The Chinese renminbi appears to have been almost glued to the US dollar for most of this year, with the fluctuations in the bilateral exchange rate so minuscule as to be barely worth reporting.
The renminbi’s resultant low profile has served Beijing’s purposes to perfection by lowering geopolitical tensions since the inauguration of Donald Trump, who had threatened to label China a “currency manipulator,” and helping stem the tide of capital flight, which spiked in the wake of the redback’s slide against the greenback in 2015 and 2016.
But, unnoticed by many, Beijing has still managed to engineer an unusually precipitous fall in the real, trade-weighted value of its currency, aiding its army of exporters at a time when its current account surplus is in danger of falling to its lowest level since the 1990s.
Since the turn of the year the renminbi has firmed 1.3 per cent against the dollar after, at the end of last week, breaking out of the tight trading range it has been locked in since mid-January.
However, the redback has fallen 2.5 per cent against a trade-weighted basket of currencies drawn up by the China Foreign Exchange Trade System, an arm of the central bank, taking the currency to a fresh low since the creation of the basket in late 2015, as the first chart shows.
This ongoing slide builds on a 6.1 per cent fall against the basket during 2016, and even this understates the true slide in the value of the renminbi. Given China’s low inflation rate (currently 1.2 per cent), the redback should have been appreciating in nominal terms against most other currencies in the basket in order to maintain its real, inflation-adjusted value.
This comes despite Zhou Xiaochuan, the governor of the People’s Bank, repeatedly stating that keeping the renminbi ”at a broadly stable level” against the basket is the “keynote” of its exchange rate policy.
“The stability of the renminbi to a basket of currencies will be strengthened and the two-way volatility of the renminbi to the US dollar enhanced,” Mr Zhou said last year, prompting the question as to why this is not happening.
“The renminbi has been down consistently against the basket since 2015. They are looking at both the basket and the dollar despite the fact they said they would focus on the basket,” says Lucy Qiu, an emerging market analyst at UBS Wealth Management.
Robert Minikin, head of Asia FX strategy at Standard Chartered, suggests that Beijing may simply be permitting some role for market forces in setting the currency, as the central bank has repeatedly said it intends to, even if, to date, there has been precious little evidence of it actually doing so.
However, a statement from the People’s Bank on Friday appeared to suggest the daily “fixing” of the renminbi’s central parity rate, around which it is allowed some flexibility to oscillate, will be made less dependent on market forces by incorporating a “counter-cyclical factor”.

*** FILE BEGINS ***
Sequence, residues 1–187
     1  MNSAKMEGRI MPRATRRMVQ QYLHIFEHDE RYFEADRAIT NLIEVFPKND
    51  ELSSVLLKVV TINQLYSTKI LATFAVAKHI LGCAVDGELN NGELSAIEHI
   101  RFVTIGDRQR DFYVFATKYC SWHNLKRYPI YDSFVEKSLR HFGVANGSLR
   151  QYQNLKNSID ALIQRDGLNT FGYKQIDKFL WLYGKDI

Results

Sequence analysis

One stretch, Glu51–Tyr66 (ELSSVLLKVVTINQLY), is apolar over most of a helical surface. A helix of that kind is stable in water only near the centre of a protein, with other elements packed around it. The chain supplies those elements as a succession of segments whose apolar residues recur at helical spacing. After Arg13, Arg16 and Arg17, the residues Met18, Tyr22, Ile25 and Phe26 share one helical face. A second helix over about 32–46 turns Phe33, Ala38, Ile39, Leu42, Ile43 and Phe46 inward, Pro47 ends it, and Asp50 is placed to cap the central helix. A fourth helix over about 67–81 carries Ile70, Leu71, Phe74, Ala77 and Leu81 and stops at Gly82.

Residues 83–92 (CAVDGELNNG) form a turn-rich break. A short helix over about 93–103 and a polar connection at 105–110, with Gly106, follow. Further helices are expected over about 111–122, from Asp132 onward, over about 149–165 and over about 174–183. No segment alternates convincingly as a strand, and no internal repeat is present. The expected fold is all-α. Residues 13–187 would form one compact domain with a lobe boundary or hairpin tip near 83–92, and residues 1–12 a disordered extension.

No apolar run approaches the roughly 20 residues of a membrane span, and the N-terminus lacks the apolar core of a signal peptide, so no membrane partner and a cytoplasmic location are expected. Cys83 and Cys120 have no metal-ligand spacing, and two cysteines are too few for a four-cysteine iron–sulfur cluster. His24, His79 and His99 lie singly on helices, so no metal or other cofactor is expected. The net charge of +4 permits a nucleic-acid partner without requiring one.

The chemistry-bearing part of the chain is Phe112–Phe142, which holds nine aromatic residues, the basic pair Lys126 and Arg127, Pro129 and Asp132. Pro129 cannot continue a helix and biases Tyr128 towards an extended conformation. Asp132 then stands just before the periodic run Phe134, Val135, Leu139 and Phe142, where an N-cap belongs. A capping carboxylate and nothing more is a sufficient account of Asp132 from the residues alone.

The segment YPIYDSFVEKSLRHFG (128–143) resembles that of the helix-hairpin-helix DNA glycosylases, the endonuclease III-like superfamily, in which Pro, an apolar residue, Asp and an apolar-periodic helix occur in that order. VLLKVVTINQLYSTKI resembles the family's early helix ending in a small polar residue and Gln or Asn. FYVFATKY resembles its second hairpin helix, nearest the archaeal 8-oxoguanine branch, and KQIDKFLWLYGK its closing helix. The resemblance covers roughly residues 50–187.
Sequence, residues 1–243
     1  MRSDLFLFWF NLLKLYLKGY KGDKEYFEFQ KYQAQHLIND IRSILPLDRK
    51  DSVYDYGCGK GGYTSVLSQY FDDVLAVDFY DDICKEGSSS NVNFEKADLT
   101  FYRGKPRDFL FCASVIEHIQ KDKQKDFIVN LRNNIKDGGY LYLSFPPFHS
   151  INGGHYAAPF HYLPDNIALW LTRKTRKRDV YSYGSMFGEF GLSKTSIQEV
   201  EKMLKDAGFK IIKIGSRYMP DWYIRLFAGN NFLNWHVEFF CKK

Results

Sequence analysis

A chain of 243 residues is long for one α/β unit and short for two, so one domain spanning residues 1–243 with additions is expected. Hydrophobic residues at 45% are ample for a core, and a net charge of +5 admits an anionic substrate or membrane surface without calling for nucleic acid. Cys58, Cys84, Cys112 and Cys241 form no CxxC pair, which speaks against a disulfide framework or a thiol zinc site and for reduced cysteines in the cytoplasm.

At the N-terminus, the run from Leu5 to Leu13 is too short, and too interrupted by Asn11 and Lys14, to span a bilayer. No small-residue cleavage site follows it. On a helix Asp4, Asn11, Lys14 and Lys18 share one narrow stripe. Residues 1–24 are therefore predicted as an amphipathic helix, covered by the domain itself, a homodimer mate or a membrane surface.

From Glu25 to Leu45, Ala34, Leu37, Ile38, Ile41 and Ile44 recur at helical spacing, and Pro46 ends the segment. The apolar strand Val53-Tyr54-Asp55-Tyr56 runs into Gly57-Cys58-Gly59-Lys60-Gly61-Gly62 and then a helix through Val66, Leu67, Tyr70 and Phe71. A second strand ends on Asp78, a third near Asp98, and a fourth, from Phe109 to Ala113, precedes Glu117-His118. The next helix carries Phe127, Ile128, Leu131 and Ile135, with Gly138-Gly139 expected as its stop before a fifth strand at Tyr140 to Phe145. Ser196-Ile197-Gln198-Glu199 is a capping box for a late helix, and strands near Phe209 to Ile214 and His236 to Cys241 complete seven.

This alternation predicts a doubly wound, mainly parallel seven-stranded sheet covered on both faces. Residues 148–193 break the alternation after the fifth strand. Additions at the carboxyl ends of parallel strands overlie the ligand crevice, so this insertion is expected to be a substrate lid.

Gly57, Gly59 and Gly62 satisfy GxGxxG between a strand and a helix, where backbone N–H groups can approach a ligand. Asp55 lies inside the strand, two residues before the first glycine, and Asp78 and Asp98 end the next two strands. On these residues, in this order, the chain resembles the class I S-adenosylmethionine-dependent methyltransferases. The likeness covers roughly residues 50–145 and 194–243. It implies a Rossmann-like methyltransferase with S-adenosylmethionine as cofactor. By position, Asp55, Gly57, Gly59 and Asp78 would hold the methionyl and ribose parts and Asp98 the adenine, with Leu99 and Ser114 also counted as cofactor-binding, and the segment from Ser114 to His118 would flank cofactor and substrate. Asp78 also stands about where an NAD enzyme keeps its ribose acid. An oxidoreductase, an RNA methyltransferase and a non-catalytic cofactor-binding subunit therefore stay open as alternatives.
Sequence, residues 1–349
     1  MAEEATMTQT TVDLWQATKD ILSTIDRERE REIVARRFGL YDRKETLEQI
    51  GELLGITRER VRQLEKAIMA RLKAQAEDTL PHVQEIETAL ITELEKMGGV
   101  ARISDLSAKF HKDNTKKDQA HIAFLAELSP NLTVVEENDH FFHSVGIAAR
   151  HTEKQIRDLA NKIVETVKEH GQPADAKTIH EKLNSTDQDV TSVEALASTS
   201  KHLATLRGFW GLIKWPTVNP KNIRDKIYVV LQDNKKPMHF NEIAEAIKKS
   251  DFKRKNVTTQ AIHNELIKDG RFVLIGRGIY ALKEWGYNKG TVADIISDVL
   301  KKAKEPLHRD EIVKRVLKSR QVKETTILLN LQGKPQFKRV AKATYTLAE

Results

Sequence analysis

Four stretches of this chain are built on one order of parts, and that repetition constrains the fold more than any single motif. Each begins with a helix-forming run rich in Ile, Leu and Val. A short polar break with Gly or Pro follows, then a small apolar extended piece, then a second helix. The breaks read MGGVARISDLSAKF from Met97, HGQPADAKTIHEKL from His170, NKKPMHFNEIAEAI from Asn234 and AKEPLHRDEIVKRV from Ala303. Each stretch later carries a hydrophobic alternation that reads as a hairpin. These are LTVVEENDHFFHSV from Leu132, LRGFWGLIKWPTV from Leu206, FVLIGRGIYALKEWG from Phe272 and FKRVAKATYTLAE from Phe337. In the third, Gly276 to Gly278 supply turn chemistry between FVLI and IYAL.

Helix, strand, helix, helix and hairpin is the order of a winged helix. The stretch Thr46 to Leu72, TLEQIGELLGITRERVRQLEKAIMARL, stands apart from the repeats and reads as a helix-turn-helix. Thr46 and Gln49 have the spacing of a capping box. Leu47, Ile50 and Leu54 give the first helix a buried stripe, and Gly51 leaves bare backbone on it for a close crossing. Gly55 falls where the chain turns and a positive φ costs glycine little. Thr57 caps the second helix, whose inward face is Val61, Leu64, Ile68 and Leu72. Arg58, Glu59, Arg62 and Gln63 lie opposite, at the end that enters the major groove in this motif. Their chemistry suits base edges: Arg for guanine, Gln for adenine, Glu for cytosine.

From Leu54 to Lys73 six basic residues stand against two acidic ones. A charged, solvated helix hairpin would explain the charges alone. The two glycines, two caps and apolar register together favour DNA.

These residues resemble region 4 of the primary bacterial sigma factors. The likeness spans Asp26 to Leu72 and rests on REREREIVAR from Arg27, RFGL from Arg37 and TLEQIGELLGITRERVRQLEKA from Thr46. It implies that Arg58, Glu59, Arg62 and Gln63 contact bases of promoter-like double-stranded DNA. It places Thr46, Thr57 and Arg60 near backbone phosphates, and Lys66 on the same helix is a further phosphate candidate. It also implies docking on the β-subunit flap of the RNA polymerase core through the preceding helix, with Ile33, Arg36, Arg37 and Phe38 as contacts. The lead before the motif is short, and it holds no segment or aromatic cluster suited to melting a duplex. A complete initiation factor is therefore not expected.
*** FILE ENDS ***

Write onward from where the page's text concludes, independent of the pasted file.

“The shift seems a step back from efforts to give market forces more say in how the currency is valued. These never went far but now they are going into reverse,” says Mark Williams, chief China economist at Capital Economics.
Alternatively, Mr Minikin points the finger at geopolitics: mild renminbi depreciation against the basket alongside stability in the bilateral dollar rate “is a rather favourable combination for China,” he says, in that it helps to both maintain the competitiveness of China’s exports while allowing the People’s Bank to avoid adopting a path of “competitive devaluation” against the buck.
“According to the latest US Treasury report, China’s goods surplus with the US has totalled $347bn over the last four quarters, far above the ‘currency manipulator’ threshold of $20bn,” says Mr Minikin. “Any ambiguity on China’s FX policy is best avoided amid the heightened focus on trade issues of the new US administration.”
Ms Qiu points to another advantage of this slightly clandestine approach: it does not encourage capital flight, given that most of the companies and households keen on shifting money out of China appear to be focused on the dollar exchange rate.
“Gentle weakening of the renminbi helps Chinese exporters. More importantly, the way they are doing it doesn’t raise a an awful lot of attention. There is no alert in terms of capital outflows. They are achieving the depreciation without the market worries,” says Ms Qiu.
UBS WM’s analysis shows the mechanics of the People’s Bank’s approach. Since the creation of China’s current FX regime in August 2015, the renminbi has fallen 9.6 per cent against the dollar.
In essence, this has been achieved by letting the renminbi weaken on days when the dollar is strong across the board, but not letting it strengthen on days when the greenback is weak.
According to UBS’ number-crunching, on days when the dollar has been up (with the dollar index rising 0.35 per cent, on average) the renminbi has, on average, fallen 0.025 per cent against the dollar.
However when the dollar index has weakened (by an average of 0.36 per cent) the renminbi-dollar rate has typically risen by a negligible 0.01 per cent.
Ms Qiu believes the renminbi’s trade-weighted slide could have further to run, given her belief that Chinese economic growth, at 6.9 per cent in the first quarter of 2017, has peaked, and that the current account surplus will fall to 1 per cent of gross domestic product this year.
UBS’ backdated calculations suggest that had the basket been in existence between 2011 and 2015, the renminbi would have risen against it by 30 per cent.
“It has since weakened by about half of that. Based on historical analysis, I would suggest it will [fall] another 10 per cent,” Ms Qiu adds. “It stops [falling] as the renminbi reverts to fair value against its trade partners. It is maybe 5-10 per cent overvalued by most measures.”